In their introductory exhibition notes, Liz and Ken brought our attention to the importance of the ‘personal is political’, noting that “it is evident the work draws from a collective past, resides in a personal present and questions the future.” They elaborated on this perspective, and further stating how cross-cultural experiences unfold in the work, describing the exhibition as a “historical journey through Powell’s family lineage – representational of his traditional First Nations background, combined with a response to his cultural diversity. Powell descends from two intriguing cultures: his mother was Mamalilikulla and Kwakiutl of Village Island and Fort Rupert. His father was Welsh/Irish and English. This diversity shows in Powell’s manipulation of traditional forms, where hints of his Celtic origins mix with his Mamalilikulla roots.” With gratitude, we receive the work that has been done to shape this exhibition thus far, and to hold its form, here at the Comox Valley Art Gallery, as part of its ongoing journey. — Angela Somerset / Denise Lawson, CVAG collaborative curators
JOHN POWELL / WINIDI
I have enjoyed art-making all my life. My usual inspiration is my mother’s First Nations culture. I have fortunately lived all of formative life in the presence of this great culture. My other training comes from schooling in Costume,
Fashion, Interior, and Graphic Design. I am also a Traditional Regalia Maker.
I have worked in design for nearly 30 years.
My design education has enabled me to work in some very diverse areas: theatre, opera, residential design, graphic design, teaching, Northwest Coast design classes and Regalia-making. I have created costumes for numerous theatre productions, the most recent being “The Ecstasy of Rita Joe” at Firehall Arts Centre in Vancouver. I was co-costume designer for the Vancouver Opera Society’s rendition of Mozart’s “The Magic Flute” at the Queen Elizabeth Theatre in Vancouver. And in 2009 – 2010 I was the design coordinator for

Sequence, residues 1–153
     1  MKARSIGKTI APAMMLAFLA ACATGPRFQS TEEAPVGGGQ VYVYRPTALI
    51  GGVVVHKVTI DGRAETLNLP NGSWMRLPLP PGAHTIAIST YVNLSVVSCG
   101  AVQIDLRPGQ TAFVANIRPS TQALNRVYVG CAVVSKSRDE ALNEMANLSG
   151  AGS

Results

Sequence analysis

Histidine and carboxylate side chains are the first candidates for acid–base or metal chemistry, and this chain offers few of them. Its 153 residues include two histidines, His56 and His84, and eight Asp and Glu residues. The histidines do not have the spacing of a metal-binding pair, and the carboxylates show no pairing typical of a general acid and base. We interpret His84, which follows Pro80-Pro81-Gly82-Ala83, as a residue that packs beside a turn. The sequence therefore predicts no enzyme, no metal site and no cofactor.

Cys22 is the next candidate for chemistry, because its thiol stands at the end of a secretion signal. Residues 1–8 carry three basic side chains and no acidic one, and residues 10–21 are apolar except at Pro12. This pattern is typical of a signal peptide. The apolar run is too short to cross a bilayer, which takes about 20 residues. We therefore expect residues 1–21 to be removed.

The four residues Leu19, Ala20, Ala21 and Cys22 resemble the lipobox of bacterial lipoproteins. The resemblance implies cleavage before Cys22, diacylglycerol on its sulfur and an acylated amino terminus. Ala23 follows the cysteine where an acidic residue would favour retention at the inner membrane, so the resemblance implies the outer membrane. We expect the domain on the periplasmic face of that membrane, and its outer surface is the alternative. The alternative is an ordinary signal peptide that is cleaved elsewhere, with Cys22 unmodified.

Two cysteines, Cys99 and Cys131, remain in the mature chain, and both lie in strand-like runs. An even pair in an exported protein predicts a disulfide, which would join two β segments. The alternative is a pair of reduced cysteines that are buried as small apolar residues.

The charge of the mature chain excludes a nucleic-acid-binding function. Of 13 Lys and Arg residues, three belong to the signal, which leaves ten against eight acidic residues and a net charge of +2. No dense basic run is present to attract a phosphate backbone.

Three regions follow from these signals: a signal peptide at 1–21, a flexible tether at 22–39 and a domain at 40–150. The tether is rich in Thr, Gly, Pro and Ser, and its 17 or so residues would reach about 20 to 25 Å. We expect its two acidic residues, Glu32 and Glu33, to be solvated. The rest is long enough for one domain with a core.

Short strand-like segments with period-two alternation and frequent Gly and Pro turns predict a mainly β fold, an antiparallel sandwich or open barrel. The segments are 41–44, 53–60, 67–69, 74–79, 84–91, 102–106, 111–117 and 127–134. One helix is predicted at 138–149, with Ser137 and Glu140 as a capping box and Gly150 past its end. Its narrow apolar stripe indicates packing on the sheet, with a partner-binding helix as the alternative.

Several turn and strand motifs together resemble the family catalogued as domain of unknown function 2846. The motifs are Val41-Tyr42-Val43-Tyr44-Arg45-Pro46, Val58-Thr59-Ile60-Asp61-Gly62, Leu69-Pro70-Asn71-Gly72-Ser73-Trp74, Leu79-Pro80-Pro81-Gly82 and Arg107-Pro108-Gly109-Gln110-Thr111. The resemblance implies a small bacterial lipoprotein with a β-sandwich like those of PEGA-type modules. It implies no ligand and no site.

the Vancouver 2010 Olympic Opening Ceremonies.
One of my names is Winidi (fights wars for his people). I am a Mamalilikulla member of the Kwakwala speaking people. In addition, I was trained as an oral genealogist from a very young age. My art practice generally carries with it a responsibility to educate the larger world about my culture and the belief systems associated with being from the Mamalilikulla First Nation.
At the present time I am working in a political world. I sit as chairman of the Executive Board for the Kwakiutl District Council, which oversees work with eight of our Kwakwaka’wakw bands, six of which fall under health transfer. In addition, I am an elected councillor of the Mamalilikulla First Nation. I also sit as the chairman for the Aboriginal Coalition to End Homelessness in Victoria and I am currently speaking with First Nations Health Authority to work in the capacity of Health benefits change champion for dental, vision and medical supplies roll out. All of this work is also motivated by my desire to bring about positive, healthy, growth and healing and to assist developing capacity for our First Nations people. In this way I hope to inspire through my work a gentle understanding of our people and the importance of connections and cooperation to enable of us to move forward with confidence and success.